For the mild incontinent, a thick, sagging, overfilled diaper is not always a plus. Diaper stuffing can allow you to increase absorbency and thus increase the efficiency of your adult diaper.

But there are certainly others who like to wear their diapers as long as possible between changes. Whether that’s out of a practical need (such as long work shifts with no bathrooms available), limited mobility, or an erotic interest, the challenge is the same: how do you get more absorbency without overwhelming the leg gathers? Diaper stuffing may be your answer.

1. Thicker Diapers for Diaper Stuffing

It should go without saying, but the more wettings you want your diaper to absorb, the more padding you’re going to need.

One of the big strengths of the Bambino Diapers line of diapers is theĀ depth of padding that they use — the “3D cores” in the center of the diaper are essentially cylinders of absorbent material, rather than flat strips, allowing them to expand outward in all directions when the super-absorbent polymers become wet. (Check out our detailed look at Bambino diapers for more information about their products.)

Upgrading to a premium brand of diapers that features thicker padding will get you a longer per-diaper lifespan than store brands or basic brands like Depends and Attends. If you haven’t made that switch, and you want your diapers to last longer, that’s your starting point.

2. Disposable Booster Pads for Diaper Stuffing

Also called “soaker pads,” “stuffers,” and a variety of similar terms, these are small pads filled with the same SAP and other absorbent materials used inside disposable diapers. Most have an adhesive strip on one side to affix them inside a larger diaper. These are perfect for diaper stuffing and increasing absorbency.

Quality can vary, but for the most part these are an effective way to increase the depth of padding at the center of the diaper. Users should be careful to select the right size, however: a booster pad that is wide enough to touch the leg gathers at the side of the diaper it’s inserted into will end of leaking into those gathers when it reaches capacity. A narrower pad will let wetness pass down into the padding beneath it instead.

Disposable pads don’t add a ton of absorbency — perhaps enough for one or two wettings at the most, even with the bulkiest models. However, they’re less bulky than other ways of adding absorbency, and can be thrown out along with the diaper in one easy bundle, making them a good method for diaper wearers on the go.

3. Cloth Stuffers

A folded cloth diaper (or for that matter any folded cloth) laid along the gusset of a disposable diaper will function similarly to a disposable soaker. Cloth stuffers can take the bulk of diaper stuffing to a new level.

Cloth padding tends to be bulkier than disposable boosters filled with SAP. It also lacks a moisture-wicking lining, meaning that the skin inside the diaper may feel “wetter” with a cloth pad than a disposable. For a wearer willing to tolerate the bulk, however, cloth diapers folded into stuffer pads can add an impressive amount of absorbency.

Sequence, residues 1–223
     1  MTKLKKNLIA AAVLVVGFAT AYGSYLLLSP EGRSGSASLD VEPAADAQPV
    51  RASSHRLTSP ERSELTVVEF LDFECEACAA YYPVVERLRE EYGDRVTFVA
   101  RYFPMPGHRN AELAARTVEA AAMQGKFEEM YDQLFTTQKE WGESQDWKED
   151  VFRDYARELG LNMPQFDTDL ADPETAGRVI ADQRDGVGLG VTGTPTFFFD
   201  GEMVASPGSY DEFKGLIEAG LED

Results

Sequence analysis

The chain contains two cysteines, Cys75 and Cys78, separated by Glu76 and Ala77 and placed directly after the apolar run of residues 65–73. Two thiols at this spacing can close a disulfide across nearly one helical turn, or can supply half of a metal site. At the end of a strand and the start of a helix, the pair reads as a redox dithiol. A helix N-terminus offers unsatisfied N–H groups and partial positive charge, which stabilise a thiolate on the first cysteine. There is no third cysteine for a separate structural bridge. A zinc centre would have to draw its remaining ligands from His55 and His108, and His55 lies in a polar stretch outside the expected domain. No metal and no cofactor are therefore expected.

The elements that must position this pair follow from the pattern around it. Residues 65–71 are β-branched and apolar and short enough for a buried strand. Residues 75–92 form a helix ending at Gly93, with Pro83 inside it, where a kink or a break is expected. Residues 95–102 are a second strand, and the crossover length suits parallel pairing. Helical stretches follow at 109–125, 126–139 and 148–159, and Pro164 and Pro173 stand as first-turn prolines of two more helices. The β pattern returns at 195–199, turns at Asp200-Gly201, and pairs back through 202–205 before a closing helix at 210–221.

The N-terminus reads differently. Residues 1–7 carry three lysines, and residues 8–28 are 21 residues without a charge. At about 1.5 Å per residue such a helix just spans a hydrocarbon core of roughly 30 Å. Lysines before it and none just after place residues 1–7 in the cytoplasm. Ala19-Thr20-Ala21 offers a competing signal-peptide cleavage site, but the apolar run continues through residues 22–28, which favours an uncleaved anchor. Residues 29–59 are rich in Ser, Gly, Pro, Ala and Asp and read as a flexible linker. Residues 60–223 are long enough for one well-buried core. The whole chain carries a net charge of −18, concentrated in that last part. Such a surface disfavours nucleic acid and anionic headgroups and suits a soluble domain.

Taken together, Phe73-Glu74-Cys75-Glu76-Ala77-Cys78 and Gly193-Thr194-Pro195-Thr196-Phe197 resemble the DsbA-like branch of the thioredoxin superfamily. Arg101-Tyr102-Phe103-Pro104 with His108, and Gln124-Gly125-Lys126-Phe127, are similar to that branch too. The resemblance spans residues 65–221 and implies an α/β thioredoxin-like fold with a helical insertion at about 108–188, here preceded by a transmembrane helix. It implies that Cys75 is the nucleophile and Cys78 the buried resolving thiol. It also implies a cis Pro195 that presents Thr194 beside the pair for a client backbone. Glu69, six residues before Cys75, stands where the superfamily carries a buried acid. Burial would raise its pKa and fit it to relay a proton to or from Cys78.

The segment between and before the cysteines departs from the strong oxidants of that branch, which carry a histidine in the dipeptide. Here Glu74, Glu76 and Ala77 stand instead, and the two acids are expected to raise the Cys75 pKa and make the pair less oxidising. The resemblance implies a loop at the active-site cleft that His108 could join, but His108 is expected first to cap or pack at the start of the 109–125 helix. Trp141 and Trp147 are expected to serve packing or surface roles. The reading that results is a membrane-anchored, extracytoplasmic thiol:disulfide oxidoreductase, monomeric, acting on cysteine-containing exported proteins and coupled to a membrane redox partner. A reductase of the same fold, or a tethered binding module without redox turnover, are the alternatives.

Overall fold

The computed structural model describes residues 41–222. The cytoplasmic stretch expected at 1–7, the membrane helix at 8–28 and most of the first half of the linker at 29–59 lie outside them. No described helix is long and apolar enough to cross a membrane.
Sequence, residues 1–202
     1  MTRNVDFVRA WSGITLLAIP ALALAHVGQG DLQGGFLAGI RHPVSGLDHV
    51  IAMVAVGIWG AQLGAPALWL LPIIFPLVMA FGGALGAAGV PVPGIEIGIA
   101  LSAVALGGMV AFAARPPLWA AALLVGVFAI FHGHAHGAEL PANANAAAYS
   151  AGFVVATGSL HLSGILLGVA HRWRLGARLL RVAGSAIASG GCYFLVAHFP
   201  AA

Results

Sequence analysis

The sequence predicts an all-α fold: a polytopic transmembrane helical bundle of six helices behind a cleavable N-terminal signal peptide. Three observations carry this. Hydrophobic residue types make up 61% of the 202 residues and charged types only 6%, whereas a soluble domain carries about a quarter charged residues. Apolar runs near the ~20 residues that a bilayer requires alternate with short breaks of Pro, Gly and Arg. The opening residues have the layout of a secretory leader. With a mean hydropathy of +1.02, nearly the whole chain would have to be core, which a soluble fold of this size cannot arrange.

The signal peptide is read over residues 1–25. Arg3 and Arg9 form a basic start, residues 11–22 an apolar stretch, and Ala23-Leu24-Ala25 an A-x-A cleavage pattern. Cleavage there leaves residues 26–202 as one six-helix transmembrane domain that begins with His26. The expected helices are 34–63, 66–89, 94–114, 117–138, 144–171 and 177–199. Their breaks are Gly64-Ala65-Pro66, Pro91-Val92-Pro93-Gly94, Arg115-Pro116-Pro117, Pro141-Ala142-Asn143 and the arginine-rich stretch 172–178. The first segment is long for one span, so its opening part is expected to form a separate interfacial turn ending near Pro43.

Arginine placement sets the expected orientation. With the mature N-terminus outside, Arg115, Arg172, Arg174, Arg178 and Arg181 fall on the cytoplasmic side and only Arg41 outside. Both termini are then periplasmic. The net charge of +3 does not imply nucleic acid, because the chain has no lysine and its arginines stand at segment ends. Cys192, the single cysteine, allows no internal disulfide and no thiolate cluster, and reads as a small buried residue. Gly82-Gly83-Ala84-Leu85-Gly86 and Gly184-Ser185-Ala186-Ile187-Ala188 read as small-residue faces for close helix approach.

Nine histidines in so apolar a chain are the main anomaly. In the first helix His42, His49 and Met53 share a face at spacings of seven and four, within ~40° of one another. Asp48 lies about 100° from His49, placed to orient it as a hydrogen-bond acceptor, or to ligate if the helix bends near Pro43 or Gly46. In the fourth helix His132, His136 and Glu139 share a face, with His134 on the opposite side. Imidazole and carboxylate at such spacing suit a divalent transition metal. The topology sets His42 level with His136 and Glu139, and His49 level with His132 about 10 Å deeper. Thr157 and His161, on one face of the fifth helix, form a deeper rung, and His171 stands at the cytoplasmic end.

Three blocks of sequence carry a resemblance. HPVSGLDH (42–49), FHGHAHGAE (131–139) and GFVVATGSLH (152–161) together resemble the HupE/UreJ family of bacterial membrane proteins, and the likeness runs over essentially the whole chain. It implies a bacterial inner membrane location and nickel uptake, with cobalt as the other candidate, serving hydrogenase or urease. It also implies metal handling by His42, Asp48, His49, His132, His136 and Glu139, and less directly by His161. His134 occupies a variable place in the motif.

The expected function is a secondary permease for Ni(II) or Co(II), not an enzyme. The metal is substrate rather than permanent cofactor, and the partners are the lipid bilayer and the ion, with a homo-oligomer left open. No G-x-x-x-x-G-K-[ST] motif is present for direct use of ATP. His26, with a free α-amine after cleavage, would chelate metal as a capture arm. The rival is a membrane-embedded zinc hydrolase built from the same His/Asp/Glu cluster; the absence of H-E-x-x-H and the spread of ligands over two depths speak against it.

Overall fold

The best cloths to use are those designed for absorbency. Multi-fold diapers and high-absorbency toweling work well. In a pinch, however, any soft cloth can be used — it’s not a perfect solution, but it’s been good enough for most of human history.

As with disposable booster pads, it’s important to fold the cloth thin enough that it’s not pressing up against the leg gathers of the outer diaper. Once the cloth hits its limit, you want it leaking down into the padding of the diaper, not into the leg gathers.

4. Doubled Diapers

We’ve discussed doubling up diapers in detail before on this blog, but in brief summary: it’s possible to slit the outer plastic of one disposable diaper and then tape it in place with another, unmodified diaper taped over it.

This does provide added absorbency, but it’s an inefficient solution, and not very cost-effective. You’re better off using a purpose-designed disposable soaker. Doubling up is best saved for improvised necessities, when no other options are available, or for fetishists who want a maximum of crinkle and bulk to go along with their absorbency.

5. Plastic Briefs/Plastic Panties

Finally, wearers who want their diapers to last longer can add a layer of waterproof underwear over the diaper itself.

Plastic briefs or panties don’t add any absorbency of their own. Instead, they create a sealed shell around the diaper, so that when it leaks the wetness is contained.

The effectiveness of plastic (or other waterproof) underwear is determined by the seal it provides at the legs. Most use strong elastic or rubber rings to grip tightly around the thighs. Some also add absorbent linings on the insides of the openings. As long as those hold out, even a leaking diaper won’t spill.

Combining Methods for Effective Diaper Stuffing

In theory, you could do all of these: double up two thick premium diapers with a disposable booster and a folded cloth pad in the gusset of the inner diaper, and then slap a pair of plastic briefs on top for the ultimate super-diaper.

As entertaining as that might be, however, you’re usually better off using one soaker, one diaper, and one pair of plastic pants at most. Beyond that you start to hit diminishing returns — even if most of the wetness is going through the soakers, enough is being slowly pushed out the sides that it will overwhelm the leg gathers before all the layers of padding have hit their absorbent capacity.

There’s also a limit to how much bulk can fit between one pair of legs, so choose your methods wisely, and only use as much padding as you need!